In this fast growing world where tech companies are trying to make their own space by introducing something innovative and game-changing, Nissan is taking a different way and trying to “decode” your thinking so hands-on driving is more fun, some people might joke about it but this automobile manufacturing company made it possible. The Japanese company will release and test its “brain-to-vehicle” technology at next week in the Consumer Electronics Show in Las Vegas. The “brain-to-vehicle” system requires a driver to wear a skullcap that measures brain-wave activity and transmits its readings to steering, acceleration and braking systems that can start responding before the driver initiates the action, these waves will not only help the driver to focus but also follow rules and regulations.
Lucian Gheorghe, a senior innovation researcher at Nissan overseeing the project mentioned that “The driver can still turn the wheel or hits the gas pedal, but the car anticipates those movements and begins the action in less than 0.5 seconds and the earlier response should be imperceptible to drivers.” he added that “We imagine a future where manual driving is still a value of society, driving pleasure is something as humans we should not lose. You are feeling either that you are a better driver or the car is more sporty and more responsive. There are many ways you can contribute to society — I chose this one, it’s not about reading thoughts, but before you move your body, we know you will move. Even in autonomous driving, we are not building boxes in which you are sleeping, we are building a positive-experience delivering vehicle.” Gheorghe is the one who personally uses the system for 15 minutes a day while commuting to work.
Carmakers are working really hard on ways to keep driving relevant as newcomers such as Alphabet’s Waymo and Apple to upend the industry with fully autonomous technologies. According to the IHS Markit, they are expecting 21 million autonomous vehicles to be sold annually by 2035, which are equivalent to about a quarter of all current vehicle sales. Many car manufacturers, including Toyota and BMW, mentioned that they won’t give full control to computers and plan to continue building cars with distinct driving characteristics because this might be riskful for some drivers.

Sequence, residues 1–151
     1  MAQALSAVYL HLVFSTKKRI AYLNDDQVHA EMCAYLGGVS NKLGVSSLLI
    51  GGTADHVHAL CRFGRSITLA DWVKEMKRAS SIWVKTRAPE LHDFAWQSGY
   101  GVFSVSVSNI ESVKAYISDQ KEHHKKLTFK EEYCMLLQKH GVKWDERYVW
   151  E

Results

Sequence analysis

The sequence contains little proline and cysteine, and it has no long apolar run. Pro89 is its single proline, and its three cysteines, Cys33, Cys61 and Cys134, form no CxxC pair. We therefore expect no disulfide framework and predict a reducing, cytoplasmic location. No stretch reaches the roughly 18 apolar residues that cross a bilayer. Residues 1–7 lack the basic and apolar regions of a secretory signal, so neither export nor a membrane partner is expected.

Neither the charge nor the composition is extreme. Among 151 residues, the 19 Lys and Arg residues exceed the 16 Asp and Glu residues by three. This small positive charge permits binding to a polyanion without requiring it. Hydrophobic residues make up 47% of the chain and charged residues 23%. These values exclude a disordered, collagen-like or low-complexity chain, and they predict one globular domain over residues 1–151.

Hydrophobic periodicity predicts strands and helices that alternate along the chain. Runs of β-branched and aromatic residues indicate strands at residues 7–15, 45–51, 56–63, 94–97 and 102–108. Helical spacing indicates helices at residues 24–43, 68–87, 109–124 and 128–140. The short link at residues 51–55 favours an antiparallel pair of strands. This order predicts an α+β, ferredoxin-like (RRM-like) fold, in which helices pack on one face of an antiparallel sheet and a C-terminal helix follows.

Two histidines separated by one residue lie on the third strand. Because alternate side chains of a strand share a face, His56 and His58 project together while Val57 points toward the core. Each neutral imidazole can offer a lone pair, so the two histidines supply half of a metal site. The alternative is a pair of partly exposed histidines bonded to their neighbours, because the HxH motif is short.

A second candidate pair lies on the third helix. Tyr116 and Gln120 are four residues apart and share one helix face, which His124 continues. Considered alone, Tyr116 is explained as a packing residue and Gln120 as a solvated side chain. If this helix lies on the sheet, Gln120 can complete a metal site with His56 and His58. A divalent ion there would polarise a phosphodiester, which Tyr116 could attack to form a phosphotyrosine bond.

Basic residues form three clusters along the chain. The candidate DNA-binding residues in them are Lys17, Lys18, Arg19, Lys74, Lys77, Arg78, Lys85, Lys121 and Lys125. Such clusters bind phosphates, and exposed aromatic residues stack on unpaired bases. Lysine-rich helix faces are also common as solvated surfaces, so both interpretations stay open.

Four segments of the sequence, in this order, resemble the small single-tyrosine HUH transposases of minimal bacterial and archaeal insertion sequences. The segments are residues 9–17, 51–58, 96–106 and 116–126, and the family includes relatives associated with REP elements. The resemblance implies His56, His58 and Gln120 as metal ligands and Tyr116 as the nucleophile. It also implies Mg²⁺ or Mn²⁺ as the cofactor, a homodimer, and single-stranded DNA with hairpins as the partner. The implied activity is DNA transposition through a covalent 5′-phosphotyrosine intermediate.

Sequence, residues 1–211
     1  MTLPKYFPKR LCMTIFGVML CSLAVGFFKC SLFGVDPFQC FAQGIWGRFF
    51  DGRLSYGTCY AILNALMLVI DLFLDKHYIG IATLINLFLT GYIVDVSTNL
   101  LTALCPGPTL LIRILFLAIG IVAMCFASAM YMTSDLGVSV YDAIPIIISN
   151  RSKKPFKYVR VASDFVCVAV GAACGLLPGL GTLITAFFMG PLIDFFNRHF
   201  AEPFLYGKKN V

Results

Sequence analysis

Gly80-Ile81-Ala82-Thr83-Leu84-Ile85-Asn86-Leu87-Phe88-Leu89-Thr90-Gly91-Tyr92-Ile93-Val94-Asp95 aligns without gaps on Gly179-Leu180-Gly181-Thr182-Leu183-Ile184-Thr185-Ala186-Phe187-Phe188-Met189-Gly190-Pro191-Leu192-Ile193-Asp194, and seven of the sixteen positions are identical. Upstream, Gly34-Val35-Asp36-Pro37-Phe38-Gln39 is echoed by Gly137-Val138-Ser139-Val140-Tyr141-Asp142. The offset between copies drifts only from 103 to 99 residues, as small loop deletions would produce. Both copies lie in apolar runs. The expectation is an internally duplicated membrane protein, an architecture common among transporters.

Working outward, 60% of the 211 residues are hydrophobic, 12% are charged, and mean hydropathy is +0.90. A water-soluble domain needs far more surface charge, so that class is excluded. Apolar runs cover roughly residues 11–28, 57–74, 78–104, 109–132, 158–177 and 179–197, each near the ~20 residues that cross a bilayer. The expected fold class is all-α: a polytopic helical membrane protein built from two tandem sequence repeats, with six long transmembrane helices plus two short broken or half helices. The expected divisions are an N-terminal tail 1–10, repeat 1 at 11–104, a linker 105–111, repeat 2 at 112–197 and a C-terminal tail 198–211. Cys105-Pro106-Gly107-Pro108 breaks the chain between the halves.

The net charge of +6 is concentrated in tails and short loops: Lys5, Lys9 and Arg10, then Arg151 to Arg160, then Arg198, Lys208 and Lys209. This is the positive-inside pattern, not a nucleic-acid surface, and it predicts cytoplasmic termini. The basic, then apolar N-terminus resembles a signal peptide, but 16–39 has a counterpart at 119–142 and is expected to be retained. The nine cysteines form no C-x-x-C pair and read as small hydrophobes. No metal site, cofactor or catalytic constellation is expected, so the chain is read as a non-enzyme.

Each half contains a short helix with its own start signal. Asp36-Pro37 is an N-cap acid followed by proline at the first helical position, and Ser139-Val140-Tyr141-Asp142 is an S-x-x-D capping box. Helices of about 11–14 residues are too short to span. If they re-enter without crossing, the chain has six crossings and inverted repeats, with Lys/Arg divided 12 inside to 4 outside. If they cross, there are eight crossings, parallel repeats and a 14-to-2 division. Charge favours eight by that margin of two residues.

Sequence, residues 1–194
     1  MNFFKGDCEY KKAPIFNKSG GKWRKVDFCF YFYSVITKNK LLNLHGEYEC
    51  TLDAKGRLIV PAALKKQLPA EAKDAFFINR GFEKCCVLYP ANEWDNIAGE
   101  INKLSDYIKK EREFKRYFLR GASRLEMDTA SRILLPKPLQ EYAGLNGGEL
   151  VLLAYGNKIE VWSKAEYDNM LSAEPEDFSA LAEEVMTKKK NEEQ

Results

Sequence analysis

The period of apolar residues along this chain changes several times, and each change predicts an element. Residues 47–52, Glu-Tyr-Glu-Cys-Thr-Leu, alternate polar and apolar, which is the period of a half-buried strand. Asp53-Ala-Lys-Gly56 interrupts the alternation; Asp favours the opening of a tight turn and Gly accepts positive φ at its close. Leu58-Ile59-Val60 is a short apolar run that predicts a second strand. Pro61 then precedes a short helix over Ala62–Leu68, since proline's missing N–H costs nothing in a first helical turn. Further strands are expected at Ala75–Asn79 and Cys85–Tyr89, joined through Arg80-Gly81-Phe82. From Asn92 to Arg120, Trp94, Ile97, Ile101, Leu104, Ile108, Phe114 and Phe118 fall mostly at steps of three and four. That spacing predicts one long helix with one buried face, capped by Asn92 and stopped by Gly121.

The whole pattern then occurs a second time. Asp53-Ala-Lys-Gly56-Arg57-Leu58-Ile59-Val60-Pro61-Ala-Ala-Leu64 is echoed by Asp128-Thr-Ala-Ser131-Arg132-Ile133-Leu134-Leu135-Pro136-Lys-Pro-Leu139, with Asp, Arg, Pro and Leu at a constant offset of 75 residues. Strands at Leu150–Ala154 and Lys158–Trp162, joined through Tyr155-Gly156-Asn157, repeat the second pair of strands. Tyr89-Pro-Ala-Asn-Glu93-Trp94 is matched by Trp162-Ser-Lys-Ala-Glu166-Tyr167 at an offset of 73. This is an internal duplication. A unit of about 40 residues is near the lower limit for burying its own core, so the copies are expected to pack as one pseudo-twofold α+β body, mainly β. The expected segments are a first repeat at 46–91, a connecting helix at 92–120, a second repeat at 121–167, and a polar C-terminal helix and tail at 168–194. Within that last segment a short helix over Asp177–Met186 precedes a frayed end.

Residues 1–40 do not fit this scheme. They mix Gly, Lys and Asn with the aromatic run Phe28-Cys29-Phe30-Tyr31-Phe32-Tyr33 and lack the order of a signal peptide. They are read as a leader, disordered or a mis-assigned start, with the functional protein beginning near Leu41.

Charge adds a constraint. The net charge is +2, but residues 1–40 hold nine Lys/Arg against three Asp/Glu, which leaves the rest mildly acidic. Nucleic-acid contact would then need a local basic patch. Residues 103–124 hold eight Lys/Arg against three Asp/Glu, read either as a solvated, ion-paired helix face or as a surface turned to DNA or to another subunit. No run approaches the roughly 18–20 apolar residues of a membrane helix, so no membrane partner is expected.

Yokohama-based company Nissan, maker of the Leaf electric vehicle is planning to launch fully autonomous cars till 2022. Besides predicting drivers’ movements, the skullcap also could detect their preferences and discomfort when the vehicle is in autonomous mode, prompting systems to adjust accordingly. Till today there are drivers of autonomous vehicles still will be able to flip a switch and take manual control of the car. That’s where Nissan’s brain-to-vehicle system comes into play.
Nissan will soon demonstrate the technology at CES using its IMx electric concept car, which according to Gheorghe is “brain-connectivity ready.” People from the audience will simulate driving on a highway for a few minutes, and the car should make adjustments with real time. Automobile manufacturers have flocked to the event in recent years to demonstrate their most advanced technologies in artificial intelligence and smart cars. Previously, Toyota showed a concept that can sense your emotion, and Daimler AG displayed an electric van with a drone on top that automatically fetches and delivers packages.
Japanese automobile manufacturing company spent about JPY 490 billion ($4.4 billion or roughly Rs. 27,900 crores), or 4.2 percent of its revenue, on research and development in the fiscal year 2016, is more aggressive than Toyota and Honda in drawing up timelines for autonomous vehicles. Nissan is eyeing on to allow cars to change lanes on highways autonomously this year and to navigate city roads and intersections without human interference till 2020.